Then we were like “wait a second those second two small things in the small things are made of even smaller things. Let’s call them quarks. Also, there’s other classes of small things the same size as the small things in the small things but that aren’t in the small things, and they’re made of the small things in the small things in the small things.”
Now we’re like “hey the small things in the small things in the small things are actually made of even smaller things called preons, and these small things in small things in small things in small things are probably made of even smaller things we haven’t discovered yet.”
I’m guessing we’re going to just keep finding smaller things until we reach the Planck length.
(That’s very, very, very much smaller. There would probably be around 15 more small things until we got there.)
Change. It’s a wonderful thing. Look, you know how subatomic particles don’t obey physical laws? They act according to chance, chaos, coincidence. They run into each other in the middle of the universe somewhere and bang! Energy! We’re the same as that. That’s the great thing about the universe: unpredictable. That’s why it’s so much fun.
“At the bottom of the world, an observatory embedded in ice and designed to catch bountiful but elusive subatomic particles could give astronomers a brand-new look at the universe.
An international team of scientists reported on Thursday that over a two-year period they had detected 28 of these particles, known as neutrinos, that arrived from outside the solar system and possibly from across the universe.”
I often get asked about how to pick a field, so here’s a handy guide for choosing which science is right for you:
Physics: Do you like computers and also hate fun? Physics might be for you! Options in this debatably exciting field include space, subatomic particles, and using math to analyze other people’s data!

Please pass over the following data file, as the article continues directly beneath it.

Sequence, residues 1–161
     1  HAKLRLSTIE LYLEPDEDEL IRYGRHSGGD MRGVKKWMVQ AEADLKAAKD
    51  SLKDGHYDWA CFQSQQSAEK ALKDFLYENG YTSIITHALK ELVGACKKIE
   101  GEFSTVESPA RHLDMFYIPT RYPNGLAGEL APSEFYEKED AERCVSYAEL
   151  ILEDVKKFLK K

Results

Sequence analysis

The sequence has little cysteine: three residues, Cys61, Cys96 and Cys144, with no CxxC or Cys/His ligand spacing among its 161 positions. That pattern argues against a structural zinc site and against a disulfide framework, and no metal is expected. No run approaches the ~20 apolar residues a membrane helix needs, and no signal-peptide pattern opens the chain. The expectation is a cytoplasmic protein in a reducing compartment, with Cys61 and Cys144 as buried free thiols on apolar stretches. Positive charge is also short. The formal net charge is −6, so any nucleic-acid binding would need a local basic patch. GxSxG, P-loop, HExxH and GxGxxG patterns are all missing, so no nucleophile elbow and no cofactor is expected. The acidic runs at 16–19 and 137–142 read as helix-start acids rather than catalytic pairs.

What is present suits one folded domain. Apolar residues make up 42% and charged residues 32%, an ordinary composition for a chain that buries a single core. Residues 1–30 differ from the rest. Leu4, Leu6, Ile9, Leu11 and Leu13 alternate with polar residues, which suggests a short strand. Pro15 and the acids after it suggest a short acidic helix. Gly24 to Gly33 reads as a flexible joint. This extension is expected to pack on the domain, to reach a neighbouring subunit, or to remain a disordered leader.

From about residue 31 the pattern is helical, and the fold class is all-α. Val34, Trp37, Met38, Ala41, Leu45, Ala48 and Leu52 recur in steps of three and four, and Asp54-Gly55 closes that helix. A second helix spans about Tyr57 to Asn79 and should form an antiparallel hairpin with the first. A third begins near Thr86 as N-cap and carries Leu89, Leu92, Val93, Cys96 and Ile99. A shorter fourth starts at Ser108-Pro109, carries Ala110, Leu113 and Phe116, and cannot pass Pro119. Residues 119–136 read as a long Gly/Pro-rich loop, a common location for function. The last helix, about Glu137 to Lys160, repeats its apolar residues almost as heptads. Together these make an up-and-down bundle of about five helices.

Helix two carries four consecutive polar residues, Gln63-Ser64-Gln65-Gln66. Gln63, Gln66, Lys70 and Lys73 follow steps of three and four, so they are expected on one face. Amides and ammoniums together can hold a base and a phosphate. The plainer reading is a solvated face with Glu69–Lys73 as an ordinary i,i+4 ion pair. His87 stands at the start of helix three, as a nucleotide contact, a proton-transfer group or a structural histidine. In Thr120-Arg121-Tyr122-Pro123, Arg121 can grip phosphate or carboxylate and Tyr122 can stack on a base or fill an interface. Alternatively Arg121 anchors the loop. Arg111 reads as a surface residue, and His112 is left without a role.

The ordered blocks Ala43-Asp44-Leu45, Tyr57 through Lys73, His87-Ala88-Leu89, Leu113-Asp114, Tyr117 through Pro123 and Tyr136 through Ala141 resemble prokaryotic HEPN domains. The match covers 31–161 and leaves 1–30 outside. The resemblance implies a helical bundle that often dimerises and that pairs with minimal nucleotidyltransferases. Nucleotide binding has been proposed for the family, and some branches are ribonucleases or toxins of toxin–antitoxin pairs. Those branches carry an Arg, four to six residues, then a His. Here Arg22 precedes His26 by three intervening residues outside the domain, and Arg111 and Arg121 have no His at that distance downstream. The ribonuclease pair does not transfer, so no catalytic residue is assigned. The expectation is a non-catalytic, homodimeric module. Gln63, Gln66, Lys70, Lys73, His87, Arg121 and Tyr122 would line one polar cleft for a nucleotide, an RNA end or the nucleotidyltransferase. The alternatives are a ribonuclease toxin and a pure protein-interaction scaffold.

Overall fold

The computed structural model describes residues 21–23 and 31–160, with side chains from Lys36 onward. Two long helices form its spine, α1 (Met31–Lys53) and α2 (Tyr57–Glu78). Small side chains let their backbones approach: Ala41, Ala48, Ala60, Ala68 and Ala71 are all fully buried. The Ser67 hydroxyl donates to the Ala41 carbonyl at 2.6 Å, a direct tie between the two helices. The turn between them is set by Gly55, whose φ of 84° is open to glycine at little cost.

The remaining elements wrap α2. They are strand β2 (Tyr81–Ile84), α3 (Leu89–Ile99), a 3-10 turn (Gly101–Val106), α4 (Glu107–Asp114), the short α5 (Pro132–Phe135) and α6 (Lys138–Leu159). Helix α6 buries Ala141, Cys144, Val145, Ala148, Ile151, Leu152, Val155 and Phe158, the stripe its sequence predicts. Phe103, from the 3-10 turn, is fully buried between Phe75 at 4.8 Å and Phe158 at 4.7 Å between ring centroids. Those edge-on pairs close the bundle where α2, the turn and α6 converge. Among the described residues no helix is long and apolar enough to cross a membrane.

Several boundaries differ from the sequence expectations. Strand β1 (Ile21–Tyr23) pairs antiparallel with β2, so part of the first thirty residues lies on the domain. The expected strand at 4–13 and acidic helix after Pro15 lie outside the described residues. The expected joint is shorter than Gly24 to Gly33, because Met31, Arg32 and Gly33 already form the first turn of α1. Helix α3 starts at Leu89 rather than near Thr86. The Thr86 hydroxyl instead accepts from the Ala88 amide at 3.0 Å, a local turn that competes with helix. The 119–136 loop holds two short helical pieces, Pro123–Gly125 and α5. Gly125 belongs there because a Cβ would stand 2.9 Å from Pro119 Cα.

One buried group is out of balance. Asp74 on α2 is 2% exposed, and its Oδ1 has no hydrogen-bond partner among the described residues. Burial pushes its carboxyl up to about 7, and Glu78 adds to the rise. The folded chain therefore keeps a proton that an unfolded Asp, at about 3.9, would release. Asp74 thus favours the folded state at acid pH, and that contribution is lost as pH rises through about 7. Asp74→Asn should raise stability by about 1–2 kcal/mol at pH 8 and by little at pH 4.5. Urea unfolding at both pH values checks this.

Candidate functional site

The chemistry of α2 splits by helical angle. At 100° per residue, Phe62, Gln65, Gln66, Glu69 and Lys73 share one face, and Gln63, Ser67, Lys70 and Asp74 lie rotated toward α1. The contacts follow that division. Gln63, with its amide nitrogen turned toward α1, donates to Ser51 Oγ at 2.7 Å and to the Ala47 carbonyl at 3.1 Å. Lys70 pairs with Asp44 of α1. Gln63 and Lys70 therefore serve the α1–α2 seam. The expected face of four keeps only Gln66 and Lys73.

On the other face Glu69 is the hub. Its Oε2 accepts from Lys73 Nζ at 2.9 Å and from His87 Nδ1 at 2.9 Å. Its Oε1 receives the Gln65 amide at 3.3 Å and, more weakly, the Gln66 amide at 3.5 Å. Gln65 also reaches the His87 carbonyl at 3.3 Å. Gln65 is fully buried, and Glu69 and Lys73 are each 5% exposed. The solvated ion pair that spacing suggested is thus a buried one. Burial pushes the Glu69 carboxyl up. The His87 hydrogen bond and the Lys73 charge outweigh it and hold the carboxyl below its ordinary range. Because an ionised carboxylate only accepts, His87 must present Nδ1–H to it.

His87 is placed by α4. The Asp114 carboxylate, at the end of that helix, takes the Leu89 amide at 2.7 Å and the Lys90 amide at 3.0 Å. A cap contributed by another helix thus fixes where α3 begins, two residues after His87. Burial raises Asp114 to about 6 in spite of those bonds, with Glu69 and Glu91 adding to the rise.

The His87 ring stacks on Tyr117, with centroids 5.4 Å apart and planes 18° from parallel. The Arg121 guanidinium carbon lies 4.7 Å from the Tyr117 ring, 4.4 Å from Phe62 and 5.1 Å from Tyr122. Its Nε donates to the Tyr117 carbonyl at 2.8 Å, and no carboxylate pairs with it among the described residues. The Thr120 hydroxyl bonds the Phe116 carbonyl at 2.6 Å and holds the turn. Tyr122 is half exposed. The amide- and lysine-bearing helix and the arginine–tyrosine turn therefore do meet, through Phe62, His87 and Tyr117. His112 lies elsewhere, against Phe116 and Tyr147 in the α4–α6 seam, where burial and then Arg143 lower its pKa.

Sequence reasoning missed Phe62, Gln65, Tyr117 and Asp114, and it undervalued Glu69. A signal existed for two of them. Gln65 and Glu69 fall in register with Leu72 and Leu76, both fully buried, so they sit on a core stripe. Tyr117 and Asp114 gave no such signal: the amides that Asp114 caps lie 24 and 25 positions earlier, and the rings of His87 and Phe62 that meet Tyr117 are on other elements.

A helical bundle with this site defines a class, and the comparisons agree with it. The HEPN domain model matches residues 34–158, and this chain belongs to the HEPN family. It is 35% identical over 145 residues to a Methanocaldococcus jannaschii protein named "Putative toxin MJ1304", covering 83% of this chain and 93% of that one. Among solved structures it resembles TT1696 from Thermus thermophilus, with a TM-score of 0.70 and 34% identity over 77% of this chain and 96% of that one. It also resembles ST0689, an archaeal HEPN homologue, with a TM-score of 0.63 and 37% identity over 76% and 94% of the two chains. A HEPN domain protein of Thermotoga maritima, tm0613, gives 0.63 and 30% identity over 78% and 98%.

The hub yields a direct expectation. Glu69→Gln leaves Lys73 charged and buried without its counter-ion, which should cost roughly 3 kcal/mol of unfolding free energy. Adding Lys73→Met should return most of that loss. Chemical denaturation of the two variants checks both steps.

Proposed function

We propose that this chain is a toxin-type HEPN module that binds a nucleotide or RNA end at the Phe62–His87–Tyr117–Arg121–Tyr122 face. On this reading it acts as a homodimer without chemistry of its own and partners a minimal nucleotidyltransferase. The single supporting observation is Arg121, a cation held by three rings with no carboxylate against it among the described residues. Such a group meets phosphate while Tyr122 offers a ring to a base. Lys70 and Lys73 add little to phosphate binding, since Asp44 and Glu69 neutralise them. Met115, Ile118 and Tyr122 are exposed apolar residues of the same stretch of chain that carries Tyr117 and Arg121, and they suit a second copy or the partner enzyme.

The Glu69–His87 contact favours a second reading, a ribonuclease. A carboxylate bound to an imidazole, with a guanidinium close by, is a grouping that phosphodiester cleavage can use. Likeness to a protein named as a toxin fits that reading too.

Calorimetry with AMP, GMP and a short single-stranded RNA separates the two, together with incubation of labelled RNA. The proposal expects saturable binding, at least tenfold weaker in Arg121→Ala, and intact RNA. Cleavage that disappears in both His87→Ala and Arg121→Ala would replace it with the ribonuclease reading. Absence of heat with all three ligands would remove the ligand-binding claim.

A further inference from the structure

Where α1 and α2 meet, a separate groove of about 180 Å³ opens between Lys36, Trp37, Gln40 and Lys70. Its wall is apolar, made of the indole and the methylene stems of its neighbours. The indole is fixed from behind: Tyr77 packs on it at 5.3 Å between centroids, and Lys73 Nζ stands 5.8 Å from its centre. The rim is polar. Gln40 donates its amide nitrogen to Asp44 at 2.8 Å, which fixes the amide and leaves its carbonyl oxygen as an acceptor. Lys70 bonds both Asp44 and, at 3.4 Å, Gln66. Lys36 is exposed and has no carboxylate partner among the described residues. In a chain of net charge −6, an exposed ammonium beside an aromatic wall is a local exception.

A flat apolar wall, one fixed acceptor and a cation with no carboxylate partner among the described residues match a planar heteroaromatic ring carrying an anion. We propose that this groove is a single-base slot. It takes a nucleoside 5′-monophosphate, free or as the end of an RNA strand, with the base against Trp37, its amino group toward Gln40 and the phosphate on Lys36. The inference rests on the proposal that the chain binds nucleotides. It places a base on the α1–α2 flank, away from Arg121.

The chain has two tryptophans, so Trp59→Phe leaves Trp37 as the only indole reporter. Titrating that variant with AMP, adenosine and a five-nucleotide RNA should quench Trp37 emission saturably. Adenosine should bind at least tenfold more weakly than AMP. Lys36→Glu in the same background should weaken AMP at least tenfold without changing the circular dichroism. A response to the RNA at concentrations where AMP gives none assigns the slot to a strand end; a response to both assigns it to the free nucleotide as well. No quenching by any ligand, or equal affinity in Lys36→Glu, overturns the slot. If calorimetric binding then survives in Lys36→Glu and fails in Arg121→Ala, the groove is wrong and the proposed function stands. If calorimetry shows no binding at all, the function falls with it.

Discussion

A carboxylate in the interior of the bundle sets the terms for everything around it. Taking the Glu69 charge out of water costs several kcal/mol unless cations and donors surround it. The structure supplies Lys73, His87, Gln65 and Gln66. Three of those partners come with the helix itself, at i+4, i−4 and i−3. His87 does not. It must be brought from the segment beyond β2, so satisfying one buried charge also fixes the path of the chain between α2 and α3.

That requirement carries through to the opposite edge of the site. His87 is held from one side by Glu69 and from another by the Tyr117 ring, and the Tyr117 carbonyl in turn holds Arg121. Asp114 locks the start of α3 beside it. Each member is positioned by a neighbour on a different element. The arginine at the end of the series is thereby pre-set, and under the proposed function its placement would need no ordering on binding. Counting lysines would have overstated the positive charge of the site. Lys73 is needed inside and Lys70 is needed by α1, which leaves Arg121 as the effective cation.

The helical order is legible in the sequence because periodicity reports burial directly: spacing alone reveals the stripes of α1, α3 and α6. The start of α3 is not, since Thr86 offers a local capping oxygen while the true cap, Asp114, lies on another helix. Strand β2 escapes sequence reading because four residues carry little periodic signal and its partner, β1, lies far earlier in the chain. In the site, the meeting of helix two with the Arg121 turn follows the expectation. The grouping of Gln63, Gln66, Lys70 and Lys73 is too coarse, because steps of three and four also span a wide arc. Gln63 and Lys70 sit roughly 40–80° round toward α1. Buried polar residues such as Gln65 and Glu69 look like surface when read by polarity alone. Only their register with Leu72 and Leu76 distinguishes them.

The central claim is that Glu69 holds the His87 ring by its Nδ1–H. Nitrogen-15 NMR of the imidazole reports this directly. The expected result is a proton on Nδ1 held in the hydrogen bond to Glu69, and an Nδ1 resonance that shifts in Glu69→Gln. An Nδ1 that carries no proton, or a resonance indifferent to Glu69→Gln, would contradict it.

Chemistry: Do you not exactly know what you want to do, and enjoy the flexibility of being able to work in almost any other field while at the same time not having a strong intrafield identity? Consider chemistry, the central science.
Biology: If you want to feel superior while also working on model systems with only a passing resemblance to actual relevant systems I urge you to consider biology. Benefits include being able to brag about trying to cure cancer and never having to worry about justifying your work. Drawbacks include premeds and not actually curing cancer.
Astronomy: Are you really into the aesthetic of science? Were you a space kid? Do you want to do physics but not really? Astronomy might be the field for you!
Geology: Were you a kid with an oral fixation and a rock collection? Do you like thinking about things that haven’t changed in a billion years? Have you always wanted an excuse to lick your samples? Just go be a geologist already.
Environmental Science: If you enjoy yelling into the void and having no one listen, you should consider a career in environmental science. Benefits include feeling good about trying to save the planet but drawbacks include not actually accomplishing anything.
Paleontology: Do you secretly wish that dinosaurs never went extinct? Was Jurassic Park your favorite movie as a kid? As long as you won’t be too disappointed if you spend your entire career sorting through fish teeth instead of digging up T. rex skulls, paleontology is for you!
Zoology: If you like animals but don’t want to be a vet, consider zoology. You’ll get to travel to exciting and exotic locales to do field work, but you need to be okay getting urinated/pooped on by a variety of animals. You kinky bastard.
Neuroscience: Do you like working on systems so complex that anything you find will likely be meaningless? Does doing surgery on mouse brains sound like you’re idea of a good time? Do you think putting a dead fish in an fMRI could be a good idea? If you answered yes to any of these questions, I strongly urge you to consider neuroscience.
Psychology: If you’re fascinated by the human brain but don’t want to deal with working on mice, psychology is the field for you! I hope you like math, because you’re going to be spending most of your time from here on out doing statistics.
A fluctuation in the data from the world’s most powerful
particle smasher could turn all of physics on its head. In December,
two different detectors at the Large Hadron Collider spotted the same strange
fluctuation, which physicists say could hint at the existence of a
brand-new subatomic particle. There’s just one problem with the “discovery.“